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Things I learned in and about India

Started: 2010-04-17 14:56:22

Submitted: 2010-04-17 16:07:54

Visibility: World-readable

Having been back for a month from my week-long trip to India, the time seems right to look back on my trip to evaluate what worked and what didn't work.

Using a backpack as my luggage was inspired brilliance. I spent enough time traipsing up and down narrow streets and jumping on and off various transport conveyances that being able to strap my luggage to my back and run for the bus was vastly preferable to the alternatives. My small rolling suitcase is fine for traveling in the developed world but would have bogged me down on the bus transfers from Bagendoba to Siliguri and while trying to find a hotel in Darjeeling. Partitioning the interior of the pack using stuff sacks worked well. There were times when I thought I needed more space, but I managed to get everything I needed in the space I had.

(I did feel a bit conspicuous carrying around a large, brightly-colored nylon backpack, but then I realized that I would be conspicuous in my white skin regardless of what I was carrying, so I didn't let it bother me.)

Having decided that a computer of some sort was important for documenting my trip, and keeping backups of my photos, my new netbook worked well. I wrote six blog posts before returning home, queuing them until I had suitable Internet access to post them. In the past, I've documented my experience in physical notebooks, which required typing them after the fact. The netbook form factor itself was perfect; I didn't have much trouble fitting it into my small hand luggage, and it's the only computer I've been able to use comfortably from an airline seat. Buying a netbook simply for the trip would have been silly, but I was able to put it to good use before and after, so I'm declaring the experiment a success.

Other technological acquisitions were less successful. I acquired an unlocked GSM phone to use mostly for Twitter but also for calling home (being mindful of the 12-hour time difference), but the reality on the ground was less accommodating than I had hoped. My itinerary hopped through the north-east, where the Indian government apparently disallows interstate mobile phone roaming, and once I got to Darjeeling the remaining red tape was enough to convince me to abandon the entire idea. (All of this information should have been available in advance, had I known where to look for it; given perfect advance knowledge I wouldn't have bothered.)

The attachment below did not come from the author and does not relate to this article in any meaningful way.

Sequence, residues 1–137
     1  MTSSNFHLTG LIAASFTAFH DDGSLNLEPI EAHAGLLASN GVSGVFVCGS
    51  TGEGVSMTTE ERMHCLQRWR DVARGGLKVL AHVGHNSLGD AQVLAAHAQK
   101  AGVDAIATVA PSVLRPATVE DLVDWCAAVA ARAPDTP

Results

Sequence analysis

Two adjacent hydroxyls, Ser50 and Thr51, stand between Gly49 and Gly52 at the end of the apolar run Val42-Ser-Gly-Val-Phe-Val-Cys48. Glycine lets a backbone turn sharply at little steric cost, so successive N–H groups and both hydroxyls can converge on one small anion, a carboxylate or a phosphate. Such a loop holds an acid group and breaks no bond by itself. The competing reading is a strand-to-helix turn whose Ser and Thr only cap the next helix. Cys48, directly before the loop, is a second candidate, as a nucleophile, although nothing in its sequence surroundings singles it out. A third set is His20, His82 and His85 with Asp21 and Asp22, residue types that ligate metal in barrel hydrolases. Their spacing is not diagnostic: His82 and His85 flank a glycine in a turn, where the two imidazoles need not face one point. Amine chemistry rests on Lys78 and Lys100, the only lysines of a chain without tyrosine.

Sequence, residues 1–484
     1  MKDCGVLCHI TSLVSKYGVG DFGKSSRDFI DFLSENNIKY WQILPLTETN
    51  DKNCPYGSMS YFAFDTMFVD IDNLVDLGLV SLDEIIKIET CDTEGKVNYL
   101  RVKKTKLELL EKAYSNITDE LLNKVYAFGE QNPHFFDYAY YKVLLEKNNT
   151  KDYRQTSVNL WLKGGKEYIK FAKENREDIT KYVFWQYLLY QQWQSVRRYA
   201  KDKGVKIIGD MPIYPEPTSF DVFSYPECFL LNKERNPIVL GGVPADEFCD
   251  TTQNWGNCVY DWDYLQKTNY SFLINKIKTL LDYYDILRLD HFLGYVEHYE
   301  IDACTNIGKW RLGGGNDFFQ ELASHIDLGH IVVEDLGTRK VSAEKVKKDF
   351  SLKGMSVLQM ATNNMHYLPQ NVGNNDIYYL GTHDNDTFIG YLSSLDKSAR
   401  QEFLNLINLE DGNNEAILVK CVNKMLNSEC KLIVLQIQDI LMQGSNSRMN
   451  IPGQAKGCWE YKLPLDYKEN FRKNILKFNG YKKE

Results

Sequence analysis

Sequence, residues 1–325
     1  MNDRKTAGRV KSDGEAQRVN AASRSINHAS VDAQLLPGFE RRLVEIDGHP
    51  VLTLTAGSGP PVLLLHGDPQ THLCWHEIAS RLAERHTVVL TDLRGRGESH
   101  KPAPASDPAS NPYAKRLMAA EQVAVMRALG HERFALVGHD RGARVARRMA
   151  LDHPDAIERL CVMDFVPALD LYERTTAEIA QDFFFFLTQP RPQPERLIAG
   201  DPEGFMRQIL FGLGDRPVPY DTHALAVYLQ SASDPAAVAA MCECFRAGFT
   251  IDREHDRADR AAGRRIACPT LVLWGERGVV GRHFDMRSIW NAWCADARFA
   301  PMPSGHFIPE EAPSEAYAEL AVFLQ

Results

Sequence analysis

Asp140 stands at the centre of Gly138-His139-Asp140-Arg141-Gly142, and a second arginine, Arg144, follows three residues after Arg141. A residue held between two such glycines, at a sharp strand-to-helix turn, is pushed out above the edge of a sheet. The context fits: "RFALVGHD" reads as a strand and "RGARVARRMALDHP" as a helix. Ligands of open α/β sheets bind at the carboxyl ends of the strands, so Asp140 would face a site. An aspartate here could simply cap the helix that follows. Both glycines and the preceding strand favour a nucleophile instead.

I also ran into trouble with laundry. My packing required me to do laundry on Thursday, the day we arrived in Darjeeling, in order to have clean clothing for the rest of the trip. I didn't spend enough time scoping out the availability of local dhobi (laundry) services, and Willy talked me into doing my own laundry, but we didn't count on two things: My clothing was mostly thick cotton, not especially suited toward air-drying, and the climate in Darjeeling was much cooler and wetter than the rest of India. I ended up wearing slightly-damp clothing for the second part of the trip. I'm not sure what I'd do differently, knowing what I do now, but I would have wanted to improve the situation in some way.

One thing that struck me was the piles of rubbish everywhere. In Darjeeling I would notice a stunning vista of the hillside, step closer to the edge of whatever embankment I was standing on, and then happen to glance downward to see the piles of trash thrown over the edge. In the airport in Delhi signs admonished passengers to use the rubbish bins rather than throwing their trash on the floor, but I saw airline employees tossing discarded luggage routing tags on the floor, expecting someone else to come by and clean them up. Willy quoted Jawaharlal Nehru from The Discovery of India:

The individual will keep his own hut fairly clean but throw all the rubbish in the village street in front of his neighbor's house.

The Indian sense of cleanliness seems especially personal, and extends to their vehicles. Driving around Darjeeling I saw Sumo drivers washing their vehicles by the side of the roads. Every car I saw was spotless. (Nehru notes, "The average Hindu, and even the poorest peasant, takes some pride in his shining pots and pans.") Americans go to India and notice piles of trash; Indians come to America and notice how filthy our cars are.

Nearly everything we saw in Darjeeling overtly referenced the Gorkhaland movement for a separate state, independent from West Bengal's Communist state government in Kolkata. On Hill Cart Road between Siliguri and Darjeeling I saw "Welcome to Gorkhaland" painted on buildings and rock faces every hundred meters, featuring the Gorkhaland colors of yellow, white, and green. In Darjeeling nearly every storefront referenced Gorkhaland in some way. The proliferation of references to Gorkhaland suggested a massive grassroots movement, but cognizant of the history of independence movements in north-east India I wondered if it could be the work of a small but dedicated astroturfing movement.